Reflecting On Shirley Jackson's The Lottery

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“Terrifying Traditions”: Reflecting on ‘The Lottery”
In Shirley Jackson’s short story “The Lottery” I was able to relate almost immediately. The lottery in surrounding towns had started on June 26th, which happened to be my late aunt’s birthday. My aunt was murdered in 2005 and has had a direct impact on the career choice I dreamed of accomplishing, as a funeral director. Furthermore, I was able to quickly associate this story with an inner passion. Emotion is one of the most important aspects of great literary work. If the reader cannot correlate in some way to the material, it may be difficult to fully comprehend and appreciate the work. In my opinion, behavioral disorders can directly affect the works of an artist. After all, some of the
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Old Man Warner, the oldest man in the town, says in the story, “Pack of crazy fools,” he said. ‘Listening to the young folks, nothings good enough for them. Next thing you know, they’ll be wanting to go back to living in caves, nobody work anymore, live that way for a while. Used to be a saying about ‘Lottery in June, corn be heavy soon.’ First thing you know, we’d all eating stewed chicken weed and acorns. There’s always been a lottery.” Was it possible this was a tradition used to sacrifice someone, to ensure a great harvest? His choice of words and somewhat condescending tone to the younger generation was strong. He truly believed that this event should be taken…show more content…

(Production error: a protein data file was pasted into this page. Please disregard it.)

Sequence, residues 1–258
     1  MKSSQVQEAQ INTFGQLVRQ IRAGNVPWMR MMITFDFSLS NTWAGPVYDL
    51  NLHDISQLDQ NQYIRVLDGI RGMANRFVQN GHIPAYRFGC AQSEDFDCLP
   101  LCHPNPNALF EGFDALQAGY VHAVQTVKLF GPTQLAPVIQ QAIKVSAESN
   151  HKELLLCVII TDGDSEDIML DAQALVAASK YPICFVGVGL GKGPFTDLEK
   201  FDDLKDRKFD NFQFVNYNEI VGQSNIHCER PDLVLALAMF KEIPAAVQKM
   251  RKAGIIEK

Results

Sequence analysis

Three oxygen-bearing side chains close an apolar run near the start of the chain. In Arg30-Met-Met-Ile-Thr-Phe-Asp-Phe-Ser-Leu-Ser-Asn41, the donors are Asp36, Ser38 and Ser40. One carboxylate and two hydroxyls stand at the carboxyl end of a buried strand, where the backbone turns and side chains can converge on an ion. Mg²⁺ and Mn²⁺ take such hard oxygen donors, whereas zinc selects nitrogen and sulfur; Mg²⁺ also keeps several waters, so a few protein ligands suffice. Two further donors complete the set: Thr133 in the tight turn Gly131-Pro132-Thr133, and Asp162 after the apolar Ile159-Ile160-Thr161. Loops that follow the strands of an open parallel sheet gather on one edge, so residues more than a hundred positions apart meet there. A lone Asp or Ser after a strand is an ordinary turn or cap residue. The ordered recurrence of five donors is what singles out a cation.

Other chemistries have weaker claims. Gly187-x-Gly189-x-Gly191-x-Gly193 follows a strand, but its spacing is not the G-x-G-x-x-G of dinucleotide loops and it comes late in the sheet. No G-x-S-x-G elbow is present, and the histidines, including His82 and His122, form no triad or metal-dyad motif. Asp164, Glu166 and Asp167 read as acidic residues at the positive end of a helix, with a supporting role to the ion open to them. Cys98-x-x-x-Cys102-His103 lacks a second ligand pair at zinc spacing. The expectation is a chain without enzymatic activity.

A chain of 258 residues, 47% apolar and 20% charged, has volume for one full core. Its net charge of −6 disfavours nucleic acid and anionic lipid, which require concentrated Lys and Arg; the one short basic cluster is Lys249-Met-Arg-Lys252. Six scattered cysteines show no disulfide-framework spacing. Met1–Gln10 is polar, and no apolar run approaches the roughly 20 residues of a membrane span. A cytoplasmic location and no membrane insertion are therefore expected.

I read her genius novel “Haunting on Hill House” as an adolescent. A novel that directly influenced a few of Stephen Kings masterpieces. Needless to say Jackson has had a large impact to many great mystery and horror novelists. I had related this short story in my mind to one of Kings early short novels, “The Long Walk” which also had to do with a type of lottery the town was forced to partake in, with cheating death being the ultimate trophy. Jackson lived in a very trying era, years of violence and war had taken over the world. The early 20th century was turning point for women in society as well. I have been fascinated by horror literature since I was a young child. A sense of darkness has always been an intriguing foundation on which I have grown to be an artist. Depressive symptoms exhibited by an artist of any medium, be it paint, words, or even dance, brings beauty in such pain. Appreciation of how sadness can fuel creativity, is the true art
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